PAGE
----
Illinois running game reaches unexpected point

Illinois+running+back+Ke%27Shawn+Vaughn+%285%29+runs+down+the+field+during+the+game+against+Purdue+at+Memorial+Stadium+on+Saturday%2C+October+8.+The+Illini+lost+34-31.

Austin Yattoni

Illinois running back Ke’Shawn Vaughn (5) runs down the field during the game against Purdue at Memorial Stadium on Saturday, October 8. The Illini lost 34-31.

By Joey Figueroa, Staff writer

Just three months ago, Ke’Shawn Vaughn was poised to be the long-term face of an Illinois football program in transition.

The sophomore running back was the only non-senior to represent the Illini at Big Ten Media Days and had aspirations of upwards of 20 carries per game. Soon after being hired, head coach Lovie Smith couldn’t keep Vaughn’s name out of his mouth, often throwing around the term “bell cow back’ in the same breath.

But fast forward to Week Five of Smith’s first season in Champaign.

Vaughn still leads the team with 43 carries, but 32 of those touches came in the first two weeks of nonconference play. He’s gotten the ball in the backfield just three times in the past two games.

Although he has out-carried his running mates, Vaughn is third on the team in total rushing yards behind junior Kendrick Foster and red-shirt freshman Reggie Corbin, who has started both of the last two games.

Smith has been adamant that the change of heart in regards to the run game isn’t about what Vaughn has failed to do, but rather what Foster and Corbin have brought to the table.

“You have to be very impressed with every time (Corbin) has touched the ball — him and Kendrick Foster,” Smith said. “With Kendrick, one guy doesn’t normally stop him, he gets yards after contact. Reggie Corbin can just make you miss in the open field. They’re two totally different running backs.”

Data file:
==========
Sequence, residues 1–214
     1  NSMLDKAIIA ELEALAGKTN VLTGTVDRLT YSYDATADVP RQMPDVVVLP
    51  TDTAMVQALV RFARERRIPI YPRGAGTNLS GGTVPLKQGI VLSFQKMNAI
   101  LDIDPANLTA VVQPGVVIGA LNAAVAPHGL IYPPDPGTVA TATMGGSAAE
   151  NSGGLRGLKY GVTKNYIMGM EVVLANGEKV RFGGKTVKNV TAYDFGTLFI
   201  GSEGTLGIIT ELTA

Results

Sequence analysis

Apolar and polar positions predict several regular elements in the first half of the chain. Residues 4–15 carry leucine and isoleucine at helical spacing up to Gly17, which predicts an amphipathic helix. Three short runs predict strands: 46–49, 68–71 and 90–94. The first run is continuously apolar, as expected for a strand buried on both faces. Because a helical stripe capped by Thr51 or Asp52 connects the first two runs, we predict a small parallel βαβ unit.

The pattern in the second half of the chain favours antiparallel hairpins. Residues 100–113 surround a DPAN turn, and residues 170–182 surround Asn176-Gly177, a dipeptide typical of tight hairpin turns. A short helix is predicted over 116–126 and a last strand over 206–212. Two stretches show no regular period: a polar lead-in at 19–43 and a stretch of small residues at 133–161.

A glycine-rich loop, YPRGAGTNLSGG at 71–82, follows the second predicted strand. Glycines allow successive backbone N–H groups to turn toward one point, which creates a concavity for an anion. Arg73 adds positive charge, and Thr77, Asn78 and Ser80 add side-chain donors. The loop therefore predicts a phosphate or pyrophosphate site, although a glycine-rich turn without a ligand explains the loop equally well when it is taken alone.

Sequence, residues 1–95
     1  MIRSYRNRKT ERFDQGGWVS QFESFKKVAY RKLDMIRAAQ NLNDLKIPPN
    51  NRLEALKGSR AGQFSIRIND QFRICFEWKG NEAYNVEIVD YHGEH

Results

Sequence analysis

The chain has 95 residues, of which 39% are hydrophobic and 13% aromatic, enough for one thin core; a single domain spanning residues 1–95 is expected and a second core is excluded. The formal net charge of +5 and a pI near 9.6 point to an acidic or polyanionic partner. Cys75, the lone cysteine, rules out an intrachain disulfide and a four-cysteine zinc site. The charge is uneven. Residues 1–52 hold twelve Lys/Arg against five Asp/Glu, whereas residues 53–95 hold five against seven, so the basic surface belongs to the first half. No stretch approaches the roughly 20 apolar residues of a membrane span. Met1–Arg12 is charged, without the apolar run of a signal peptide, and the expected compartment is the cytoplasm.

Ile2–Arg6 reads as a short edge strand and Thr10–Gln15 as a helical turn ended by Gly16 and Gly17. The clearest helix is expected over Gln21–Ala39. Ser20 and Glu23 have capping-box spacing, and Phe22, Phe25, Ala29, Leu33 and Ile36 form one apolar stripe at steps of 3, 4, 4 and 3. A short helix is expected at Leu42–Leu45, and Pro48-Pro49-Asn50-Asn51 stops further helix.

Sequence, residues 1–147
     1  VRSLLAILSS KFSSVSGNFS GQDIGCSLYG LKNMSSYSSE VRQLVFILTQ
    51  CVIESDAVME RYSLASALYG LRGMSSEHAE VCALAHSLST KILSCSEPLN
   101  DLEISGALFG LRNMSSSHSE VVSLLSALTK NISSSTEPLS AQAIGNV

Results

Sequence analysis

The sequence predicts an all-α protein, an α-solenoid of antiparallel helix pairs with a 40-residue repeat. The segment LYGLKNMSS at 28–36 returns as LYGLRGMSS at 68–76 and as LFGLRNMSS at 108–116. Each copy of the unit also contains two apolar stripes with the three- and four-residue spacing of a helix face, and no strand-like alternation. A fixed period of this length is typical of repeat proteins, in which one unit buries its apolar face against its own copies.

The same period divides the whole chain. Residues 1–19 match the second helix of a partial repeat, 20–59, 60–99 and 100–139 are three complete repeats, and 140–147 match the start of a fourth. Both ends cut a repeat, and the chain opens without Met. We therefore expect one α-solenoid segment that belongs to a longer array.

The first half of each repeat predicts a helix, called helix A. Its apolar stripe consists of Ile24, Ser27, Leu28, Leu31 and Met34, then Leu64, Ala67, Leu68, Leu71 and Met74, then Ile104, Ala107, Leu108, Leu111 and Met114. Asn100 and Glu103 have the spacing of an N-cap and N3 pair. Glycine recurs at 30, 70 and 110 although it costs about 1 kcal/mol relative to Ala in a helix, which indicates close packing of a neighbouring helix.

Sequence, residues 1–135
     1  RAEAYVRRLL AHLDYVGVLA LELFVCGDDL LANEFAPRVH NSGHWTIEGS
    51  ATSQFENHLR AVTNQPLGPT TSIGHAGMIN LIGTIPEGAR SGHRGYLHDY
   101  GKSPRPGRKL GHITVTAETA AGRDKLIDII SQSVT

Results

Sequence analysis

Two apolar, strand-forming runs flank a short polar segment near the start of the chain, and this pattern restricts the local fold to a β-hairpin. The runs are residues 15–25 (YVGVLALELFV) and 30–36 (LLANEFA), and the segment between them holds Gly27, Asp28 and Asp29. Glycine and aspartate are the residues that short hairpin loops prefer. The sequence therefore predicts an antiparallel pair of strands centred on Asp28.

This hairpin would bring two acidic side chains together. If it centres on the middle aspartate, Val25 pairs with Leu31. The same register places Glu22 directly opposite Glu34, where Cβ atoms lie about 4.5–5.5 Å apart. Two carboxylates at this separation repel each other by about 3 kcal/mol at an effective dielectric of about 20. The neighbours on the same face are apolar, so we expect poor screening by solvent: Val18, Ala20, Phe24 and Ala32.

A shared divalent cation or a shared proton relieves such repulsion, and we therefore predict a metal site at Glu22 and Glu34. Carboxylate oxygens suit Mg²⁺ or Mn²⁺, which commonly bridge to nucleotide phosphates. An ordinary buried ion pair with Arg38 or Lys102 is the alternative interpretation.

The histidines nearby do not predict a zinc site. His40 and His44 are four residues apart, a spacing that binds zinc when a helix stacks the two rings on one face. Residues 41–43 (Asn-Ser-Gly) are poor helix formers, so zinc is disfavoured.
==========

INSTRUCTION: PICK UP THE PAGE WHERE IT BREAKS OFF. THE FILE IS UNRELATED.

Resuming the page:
Corbin didn’t have a carry in Weeks Two or Three but has rushed 20 times for 164 yards over his past two contests. The Maryland native has broken off a 30-yard run in each of the three games he’s seen a carry in this season.

Foster’s role has continued to expand since his 118-yard performance in Week One. His team-leading 16 carries against Purdue marked a career high.

Over the past two weeks, Corbin and Foster have combined for over 41 percent of Illinois’ total offensive output.

“They need to both play and they’re both playing really good football right now,” offensive coordinator Garrick McGee said. “They’re practicing really well and they’re competing really hard, so I think they’re going to continue to share most of the reps.”

All three Illini backs are averaging over five yards per carry.

Vaughn threw his hat back in the running back ring with a 29-yard burst that nearly went for a touchdown. He also fielded his first kick of the season against Nebraska.

“We’re going to need him because he’s another weapon,” McGee said. “We’re constantly trying to find ways to put more explosive kids on the field, so he’s going to be out there in some role.”

With Corbin and Foster now essentially splitting the starting role, neither seems ready to relinquish their fair share of carries.

For Corbin, the trio just keeps him hungry.

“It makes me grind,” Corbin said. “It makes us all work because we know we all want play and we know that we’ll all play — that’s just how it’s always been. “We’re unselfish so that’s the good part about it.”

In the midst of a four-game losing streak, Smith hasn’t found many phases of the game to be happy about. But the young, dynamic tailback combo forming in the Illini backfield has served as one of the lone glimpses of success in recent weeks.

“That’s the one position that I’ve been pretty pleased with what it’s done,” Smith said

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